HomeTop StoriesStolen body parts scandal stretches from Harvard to Kentucky

Stolen body parts scandal stretches from Harvard to Kentucky

A view of a gate to Harvard Yard on the campus of Harvard University.

This story contains graphic material that may be disturbing for some readers.

They bought and sold human hearts and lungs and livers and brains — not to mention skulls, spines, skin and fetuses. It was ghoulish and macabre.

But it also was profoundly sad for victims like a woman in Little Rock, Arkansas, identified in court papers only as D.S.

After she gave birth in February 2022 to a stillborn boy whom she had named Lux, a Little Rock funeral home delivered his body to Arkansas Central Mortuary Services for cremation. His ashes were supposed to be returned to her for burial.

Instead, according to court records, attendant Candace Chapman Scott, 36, sold the fetus for $300 to Jeremy Pauley, 41, a self-described body modification artist and human blood painter, who lived 1,062 miles away in Pennsylvania.

But that wasn’t the end of the line for Baby Lux. Pauley allegedly sent his body, plus $1,500, to Matthew Lampi, 52, a tattoo artist in White Bear Lake, Minnesota, in exchange for five human skulls.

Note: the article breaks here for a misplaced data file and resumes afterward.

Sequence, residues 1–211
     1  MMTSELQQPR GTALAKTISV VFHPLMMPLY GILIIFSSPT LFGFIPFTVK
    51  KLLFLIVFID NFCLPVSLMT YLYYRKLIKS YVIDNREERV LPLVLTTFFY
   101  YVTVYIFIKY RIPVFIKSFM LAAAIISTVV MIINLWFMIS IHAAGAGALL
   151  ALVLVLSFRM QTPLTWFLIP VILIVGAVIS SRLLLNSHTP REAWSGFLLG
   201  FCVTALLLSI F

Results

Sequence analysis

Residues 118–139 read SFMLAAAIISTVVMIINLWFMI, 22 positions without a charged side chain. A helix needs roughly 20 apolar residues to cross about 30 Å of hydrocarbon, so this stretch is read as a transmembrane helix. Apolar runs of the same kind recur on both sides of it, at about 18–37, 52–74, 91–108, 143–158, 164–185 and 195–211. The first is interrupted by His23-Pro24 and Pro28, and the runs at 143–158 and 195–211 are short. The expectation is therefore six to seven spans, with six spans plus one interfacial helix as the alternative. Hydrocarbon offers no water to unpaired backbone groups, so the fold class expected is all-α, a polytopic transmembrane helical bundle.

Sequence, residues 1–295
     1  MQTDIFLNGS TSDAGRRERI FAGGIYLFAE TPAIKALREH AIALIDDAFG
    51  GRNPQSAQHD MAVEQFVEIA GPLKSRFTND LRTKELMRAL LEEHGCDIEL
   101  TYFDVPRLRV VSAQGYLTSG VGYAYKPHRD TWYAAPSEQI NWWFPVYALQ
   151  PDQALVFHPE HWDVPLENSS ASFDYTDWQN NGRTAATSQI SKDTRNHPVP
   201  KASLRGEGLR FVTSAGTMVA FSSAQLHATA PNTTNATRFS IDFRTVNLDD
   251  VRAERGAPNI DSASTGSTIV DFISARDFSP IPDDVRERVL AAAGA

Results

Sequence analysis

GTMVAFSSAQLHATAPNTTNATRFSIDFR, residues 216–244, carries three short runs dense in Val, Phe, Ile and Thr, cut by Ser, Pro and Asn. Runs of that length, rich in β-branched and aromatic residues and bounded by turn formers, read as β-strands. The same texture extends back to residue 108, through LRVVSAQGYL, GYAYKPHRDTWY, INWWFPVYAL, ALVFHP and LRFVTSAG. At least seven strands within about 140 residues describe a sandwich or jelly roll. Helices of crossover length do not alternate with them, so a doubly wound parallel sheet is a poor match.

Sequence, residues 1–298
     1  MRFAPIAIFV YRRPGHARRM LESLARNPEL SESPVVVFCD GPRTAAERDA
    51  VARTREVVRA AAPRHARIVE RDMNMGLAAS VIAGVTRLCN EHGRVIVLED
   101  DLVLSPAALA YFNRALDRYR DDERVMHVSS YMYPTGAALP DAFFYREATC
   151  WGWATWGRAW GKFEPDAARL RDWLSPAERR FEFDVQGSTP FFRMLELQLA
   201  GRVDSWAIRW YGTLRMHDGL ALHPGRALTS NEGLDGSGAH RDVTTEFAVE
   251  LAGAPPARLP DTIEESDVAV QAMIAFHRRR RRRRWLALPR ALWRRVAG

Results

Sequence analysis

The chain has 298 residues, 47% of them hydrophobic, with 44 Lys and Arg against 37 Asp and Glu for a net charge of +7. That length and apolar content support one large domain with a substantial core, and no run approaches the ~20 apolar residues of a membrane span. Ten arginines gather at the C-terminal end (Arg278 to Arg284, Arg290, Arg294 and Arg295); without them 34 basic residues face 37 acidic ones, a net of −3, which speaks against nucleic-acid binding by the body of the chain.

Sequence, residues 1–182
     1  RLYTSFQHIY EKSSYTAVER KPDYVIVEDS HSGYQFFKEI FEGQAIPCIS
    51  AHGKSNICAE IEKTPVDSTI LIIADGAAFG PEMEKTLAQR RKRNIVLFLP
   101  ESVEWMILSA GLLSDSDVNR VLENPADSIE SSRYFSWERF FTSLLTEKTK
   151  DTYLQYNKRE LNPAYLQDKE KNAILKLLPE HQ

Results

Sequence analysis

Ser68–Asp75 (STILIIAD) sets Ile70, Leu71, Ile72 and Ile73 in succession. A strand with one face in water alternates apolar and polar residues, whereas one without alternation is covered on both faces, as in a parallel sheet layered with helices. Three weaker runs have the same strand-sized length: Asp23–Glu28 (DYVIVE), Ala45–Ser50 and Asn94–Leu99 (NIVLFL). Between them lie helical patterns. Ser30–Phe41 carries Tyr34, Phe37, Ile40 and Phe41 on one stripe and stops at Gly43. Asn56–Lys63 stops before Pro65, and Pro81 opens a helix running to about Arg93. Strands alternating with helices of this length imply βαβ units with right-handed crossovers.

Baby Lux’s mother was later given remains of unknown origin.

Body parts from Harvard, Arkansas

The tawdry transactions are detailed in federal indictments charging eight people in six states, including Kentucky, with transporting stolen goods across state lines from 2018 to 2022. The defendants who have appeared in court have all pleaded not guilty.

The assortment of bones and organs came from cadavers donated to medical schools at Harvard University and the University of Arkansas for the training of doctors. Instead, according to the indictments, Scott and Cedric Lodge, 55, the mortuary manager at Harvard Medical School, broke them down for parts.